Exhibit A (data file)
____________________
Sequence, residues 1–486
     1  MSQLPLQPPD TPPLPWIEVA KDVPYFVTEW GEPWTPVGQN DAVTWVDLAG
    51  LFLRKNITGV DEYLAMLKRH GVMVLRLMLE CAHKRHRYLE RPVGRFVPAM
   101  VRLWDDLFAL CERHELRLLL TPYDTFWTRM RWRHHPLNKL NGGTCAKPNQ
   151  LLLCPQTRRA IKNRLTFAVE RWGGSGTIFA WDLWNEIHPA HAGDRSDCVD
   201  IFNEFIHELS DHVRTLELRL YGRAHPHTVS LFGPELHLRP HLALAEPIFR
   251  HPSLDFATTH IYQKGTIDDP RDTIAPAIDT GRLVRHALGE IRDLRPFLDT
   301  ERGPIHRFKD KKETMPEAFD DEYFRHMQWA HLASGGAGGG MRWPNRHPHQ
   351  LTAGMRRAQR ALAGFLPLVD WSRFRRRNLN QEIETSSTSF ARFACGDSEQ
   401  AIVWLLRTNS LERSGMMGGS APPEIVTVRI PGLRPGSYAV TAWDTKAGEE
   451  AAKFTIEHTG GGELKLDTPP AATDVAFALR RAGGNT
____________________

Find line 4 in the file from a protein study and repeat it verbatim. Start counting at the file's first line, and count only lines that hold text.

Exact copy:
   101  VRLWDDLFAL CERHELRLLL TPYDTFWTRM RWRHHPLNKL NGGTCAKPNQ